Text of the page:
Now, this is a break from the norm from prior presidents, George W. Bush went abroad to visit the troops about eight months into office. Former President Barack Obama I think was in office about three months before he went abroad to visit the troops.

The president has opted for opportunities a little bit closer to home, obviously we know he was at Walter Reed today, and so, he certainly has spoken with troops. We've seen him give national security speeches, but it is a little bit bizarre to see the vice president out there to see him making a trip like this before the president himself, Jake.

TAPPER: That's right. Bush making the trip eight months into the war, not eight months into office and Obama doing it three months into his first term.

Phil Mudd, let me go to you as former FBI and former CIA, it is unusual for a vice president to go to a war zone before a president would do so. President Trump we know has never been to Iraq or Afghanistan as a president or as a private citizen.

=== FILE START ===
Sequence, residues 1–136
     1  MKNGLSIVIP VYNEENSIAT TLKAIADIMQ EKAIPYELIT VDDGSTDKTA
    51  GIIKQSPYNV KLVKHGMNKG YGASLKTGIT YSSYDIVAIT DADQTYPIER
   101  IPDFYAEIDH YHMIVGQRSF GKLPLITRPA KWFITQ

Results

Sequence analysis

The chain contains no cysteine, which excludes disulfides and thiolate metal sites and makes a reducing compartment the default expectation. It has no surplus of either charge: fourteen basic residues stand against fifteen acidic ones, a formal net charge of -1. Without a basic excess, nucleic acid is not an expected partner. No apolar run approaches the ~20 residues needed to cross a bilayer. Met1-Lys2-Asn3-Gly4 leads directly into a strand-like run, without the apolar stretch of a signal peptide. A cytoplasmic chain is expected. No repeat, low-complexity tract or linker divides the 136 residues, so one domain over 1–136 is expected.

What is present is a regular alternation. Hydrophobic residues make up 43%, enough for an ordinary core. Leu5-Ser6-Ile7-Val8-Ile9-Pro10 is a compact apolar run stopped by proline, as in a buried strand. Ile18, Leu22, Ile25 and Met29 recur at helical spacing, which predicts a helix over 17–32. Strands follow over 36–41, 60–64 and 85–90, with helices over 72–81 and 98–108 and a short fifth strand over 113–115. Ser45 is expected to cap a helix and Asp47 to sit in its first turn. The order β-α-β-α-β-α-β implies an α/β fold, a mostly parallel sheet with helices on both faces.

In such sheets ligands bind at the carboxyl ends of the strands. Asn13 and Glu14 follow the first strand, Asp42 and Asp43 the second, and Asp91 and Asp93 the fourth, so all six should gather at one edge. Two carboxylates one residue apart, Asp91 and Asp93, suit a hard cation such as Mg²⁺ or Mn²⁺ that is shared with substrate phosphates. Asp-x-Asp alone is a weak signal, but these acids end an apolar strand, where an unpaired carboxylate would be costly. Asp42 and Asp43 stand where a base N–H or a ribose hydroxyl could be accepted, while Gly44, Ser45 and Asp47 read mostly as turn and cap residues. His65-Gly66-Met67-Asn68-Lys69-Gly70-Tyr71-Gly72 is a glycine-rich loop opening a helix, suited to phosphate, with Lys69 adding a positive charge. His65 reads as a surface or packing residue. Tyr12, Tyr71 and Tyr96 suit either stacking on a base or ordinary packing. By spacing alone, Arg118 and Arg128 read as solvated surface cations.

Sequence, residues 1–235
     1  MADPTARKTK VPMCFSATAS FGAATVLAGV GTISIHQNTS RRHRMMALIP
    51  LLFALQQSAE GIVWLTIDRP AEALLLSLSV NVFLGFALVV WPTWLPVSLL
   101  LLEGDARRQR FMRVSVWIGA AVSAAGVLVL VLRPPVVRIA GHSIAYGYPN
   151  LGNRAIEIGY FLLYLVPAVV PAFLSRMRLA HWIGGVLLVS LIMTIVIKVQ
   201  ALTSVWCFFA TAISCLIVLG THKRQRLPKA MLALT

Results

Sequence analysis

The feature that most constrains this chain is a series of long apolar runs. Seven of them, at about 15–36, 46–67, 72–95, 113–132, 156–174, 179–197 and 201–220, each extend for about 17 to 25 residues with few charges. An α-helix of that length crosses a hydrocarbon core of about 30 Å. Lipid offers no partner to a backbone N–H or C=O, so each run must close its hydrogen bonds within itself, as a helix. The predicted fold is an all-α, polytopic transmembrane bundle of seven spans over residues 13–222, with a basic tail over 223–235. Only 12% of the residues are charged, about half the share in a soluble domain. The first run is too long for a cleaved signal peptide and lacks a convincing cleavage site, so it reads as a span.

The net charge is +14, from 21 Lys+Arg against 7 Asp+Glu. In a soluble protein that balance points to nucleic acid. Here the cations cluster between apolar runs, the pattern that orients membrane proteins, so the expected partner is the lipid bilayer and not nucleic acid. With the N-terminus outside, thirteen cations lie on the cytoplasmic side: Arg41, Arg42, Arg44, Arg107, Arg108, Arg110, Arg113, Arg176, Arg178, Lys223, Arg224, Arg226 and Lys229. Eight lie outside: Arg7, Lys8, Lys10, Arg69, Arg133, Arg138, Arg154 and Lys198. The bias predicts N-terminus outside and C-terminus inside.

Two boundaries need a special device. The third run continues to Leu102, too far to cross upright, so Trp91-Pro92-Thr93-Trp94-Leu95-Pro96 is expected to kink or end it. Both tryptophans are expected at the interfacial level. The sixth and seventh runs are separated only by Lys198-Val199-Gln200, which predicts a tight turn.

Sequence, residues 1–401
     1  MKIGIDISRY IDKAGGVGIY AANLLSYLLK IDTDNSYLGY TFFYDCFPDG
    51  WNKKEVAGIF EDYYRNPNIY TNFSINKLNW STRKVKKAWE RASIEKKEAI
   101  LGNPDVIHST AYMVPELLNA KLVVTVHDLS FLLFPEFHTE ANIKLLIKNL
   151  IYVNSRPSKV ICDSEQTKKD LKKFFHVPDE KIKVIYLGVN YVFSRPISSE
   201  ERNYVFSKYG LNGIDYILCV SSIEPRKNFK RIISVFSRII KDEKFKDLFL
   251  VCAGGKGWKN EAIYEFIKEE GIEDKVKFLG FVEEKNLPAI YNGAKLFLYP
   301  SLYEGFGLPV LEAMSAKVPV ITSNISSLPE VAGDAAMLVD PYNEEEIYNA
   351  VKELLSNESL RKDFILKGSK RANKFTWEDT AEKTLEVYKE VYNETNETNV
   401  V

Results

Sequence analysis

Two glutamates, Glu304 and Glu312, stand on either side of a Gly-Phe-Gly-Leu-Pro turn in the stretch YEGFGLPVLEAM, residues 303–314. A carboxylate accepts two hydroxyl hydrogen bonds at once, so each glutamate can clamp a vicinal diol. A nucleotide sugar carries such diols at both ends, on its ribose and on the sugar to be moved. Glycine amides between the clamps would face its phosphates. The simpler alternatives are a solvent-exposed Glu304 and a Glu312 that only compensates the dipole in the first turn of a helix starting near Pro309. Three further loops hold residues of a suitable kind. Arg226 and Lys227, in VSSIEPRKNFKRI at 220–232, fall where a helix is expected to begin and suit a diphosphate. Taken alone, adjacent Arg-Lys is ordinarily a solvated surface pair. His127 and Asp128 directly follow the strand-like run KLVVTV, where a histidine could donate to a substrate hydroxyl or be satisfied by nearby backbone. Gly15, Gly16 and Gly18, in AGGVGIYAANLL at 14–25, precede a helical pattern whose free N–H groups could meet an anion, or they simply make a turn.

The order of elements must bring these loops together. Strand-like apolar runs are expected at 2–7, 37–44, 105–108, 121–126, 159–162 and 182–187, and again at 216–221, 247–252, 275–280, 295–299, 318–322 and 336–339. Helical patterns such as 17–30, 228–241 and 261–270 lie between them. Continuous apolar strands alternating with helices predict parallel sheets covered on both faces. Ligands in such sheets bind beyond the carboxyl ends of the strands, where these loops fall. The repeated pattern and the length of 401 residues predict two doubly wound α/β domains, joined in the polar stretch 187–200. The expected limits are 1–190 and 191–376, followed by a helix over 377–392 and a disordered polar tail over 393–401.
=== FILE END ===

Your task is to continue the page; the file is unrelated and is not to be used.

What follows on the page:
MUDD: That's true, although I mean, we've learned president Trump doesn't like to travel that much.

I think what we have here is a temperature taking by the vice president on two fundamental issues that we've lost sight of here in America, 16 years ago, in the fall of 2001, Afghan forces with CIA and U.S. special forces rolled over the Taliban in Afghanistan. The Taliban then providing safe haven for the al Qaeda organization that conducted the September 11th attacks.

Let's not delude ourselves, Jake, the Taliban is doing well in Afghanistan today and question one for the vice president on the ground is, what did we do 16 years later? Are we going to be here forever? Question two is even more significant in some ways for America, and it's a question that the president himself has raised. Across the boarder in Pakistan, there are allegations that the Pakistanis should be doing more.